You saw "The Apprentice", was out of Trump Tower, he came down the golden escalator in -- during his 2016 run, and so, this property in particular for him means a lot. And so, I think personally, he is viewing this as -- he's not even viewing it from a campaign lens so much as a -- this is going to impact how I am viewed in this persona I've built for myself over the years.

HUNT: Yes, I mean, it really is hard to overstate how this building and Trump's persona are linked together. I mean, I was there when he came down that golden escalator, I actually went up the elevator, then to interview him on the day that he announced that run.

His personal office was in Trump Tower, the wall kind of covered with memorabilia, the view, you know, out over -- looking over Central Park. It really -- it really kind of personifies him. So, I think threatening it obviously -- we've certainly heard over the weekend that --

TALCOTT: Yes, we have --

HUNT: He is very focused on that. Shelby Talcott, thank you so much for starting us off this morning, I really appreciate it. All right, just ahead here, two brothers mauled by a mountain lion in California. Plus, a warning for Donald Trump from the Fulton County D.A., and a heartfelt message from Princess Kate as she battles cancer.



HUNT: Welcome back. The world is rallying behind Princess Kate after she revealed she had started preventative chemotherapy. Kate's cancer was discovered during a recent surgical procedure. Princess of Wales assuring supporters that she's going to be OK.


KATE MIDDLETON, PRINCESS OF WALES: In January, I underwent major abdominal surgery in London. And at the time, it was thought that my condition was non-cancerous. The surgery was successful, however, tests after the operation that cancer had been present.

We hope that you'll understand that as a family, we now need some time, space and privacy while I complete my treatment.


HUNT: All right, let's bring in CNN's royal historian Kate Williams. Kate, good morning to you.


HUNT: We of course, know we're not going to get many more details here from the royal family. But this is just such a remarkable moment for them, for Kate's are -- the world's sympathy is really -- have turned to her after really a sort of ugly and difficult period.

WILLIAMS: Yes, Kasie, as you say, it couldn't have been worse for the royal family. So many stories, speculations, people saying where is Kate and very cruel speculations on social media, and also criticisms of the Mother's Day photo, and it really was a very problematic story, and then with Kate's video message on Friday evening, she turned it all around.

And there's just been an outpouring of sympathy for her, and really, her strength, her dignity and the power of that message when she talked about her cancer in a way we've never seen so openly for royals before, and finish saying, you are not alone, thinking of others.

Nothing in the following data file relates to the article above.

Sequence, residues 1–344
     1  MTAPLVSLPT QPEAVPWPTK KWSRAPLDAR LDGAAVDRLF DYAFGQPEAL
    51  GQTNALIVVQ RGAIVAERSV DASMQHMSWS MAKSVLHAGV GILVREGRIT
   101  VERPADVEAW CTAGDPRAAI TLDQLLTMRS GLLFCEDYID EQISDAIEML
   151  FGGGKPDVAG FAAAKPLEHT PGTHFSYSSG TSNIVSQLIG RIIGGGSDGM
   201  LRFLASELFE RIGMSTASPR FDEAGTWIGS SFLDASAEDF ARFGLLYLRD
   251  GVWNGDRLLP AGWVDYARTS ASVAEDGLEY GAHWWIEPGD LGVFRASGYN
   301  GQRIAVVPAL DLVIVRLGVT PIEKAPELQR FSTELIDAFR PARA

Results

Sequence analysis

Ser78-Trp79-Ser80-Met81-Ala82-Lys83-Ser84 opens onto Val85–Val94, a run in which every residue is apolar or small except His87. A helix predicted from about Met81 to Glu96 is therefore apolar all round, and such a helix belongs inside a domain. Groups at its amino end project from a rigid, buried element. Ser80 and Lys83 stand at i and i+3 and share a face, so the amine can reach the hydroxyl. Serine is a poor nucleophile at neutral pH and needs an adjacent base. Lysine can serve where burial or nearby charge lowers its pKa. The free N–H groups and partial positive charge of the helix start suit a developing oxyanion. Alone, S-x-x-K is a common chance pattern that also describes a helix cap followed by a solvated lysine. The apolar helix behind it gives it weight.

So, really, we've seen this huge moment for the royal family in which Kate has addressed us personally and given us so much. You know, I really think that, you know, the -- it's a sort of cataclysmic moment for her as a princess in her private life, but also as a future queen.

HUNT: But Kate, how -- what do you see here in terms of echoes of the way the royal family has dealt with tragedies, past. I mean, who is Kate emulating here, and what does that bode for the future?

WILLIAMS: Well, it really reminds me of how the queen would address us by video message at very traumatic and difficult times, you might think of the death of Diana, also the COVID pandemic, when she said we will meet again, I heard a lot of echoes of the queen's addresses in Kate's.

And it was very unprecedented for Kate to do this. Normally, this kind of statement would come out in a statement from Kensington Palace or Buckingham Palace, I think did for the king, saying, you know, Kate is battling cancer, and this is what's happened. Instead, she spoke to us directly, and that, I think was so powerful.

And it really does remind me of the queen, and it really showed how popular she is. And this whole drama, which has been clearly very distressing for her, very upsetting, she said that -- she -- sources have said to newspapers over the weekend, she didn't do this video message because of that, but because she was a -- because she was a leader and a public figure and had to speak out.

But those rumors have been distressing, and -- but all this drama, it really has showed us that she is such a star in the royal family, and she's so popular. And the slimed-down royal family really needs her. HUNT: You know, they certainly do. And Kensington Palace put out a

statement over the weekend, saying the Prince and Princess of Wales, of course, are both enormously touched by the kind messages from people here in the U.K., across the Commonwealth and around the world in response to her royal highness' message.


Kate, what do we know about when we may see the Princess of Wales back in public. They had originally said, of course, Easter, but that was before the cancer had been found.

WILLIAMS: Kasie, exactly as you say. We don't really have a timeline. So, yes, we were told Easter in January, but that was when it was abdominal surgery -- serious abdominal surgery, but one that she would become a fun, and be back up and about after Easter, about when the children went to school, about 8th or the 17th.

But now, we really don't know what we are going to see and what we're not going to see. And we of course, don't know for the king either. The king announced in January that he had cancer, and we haven't been told, we may see him at the Easter service, but we will -- they're trooping the color, his birthday parade in early Summer.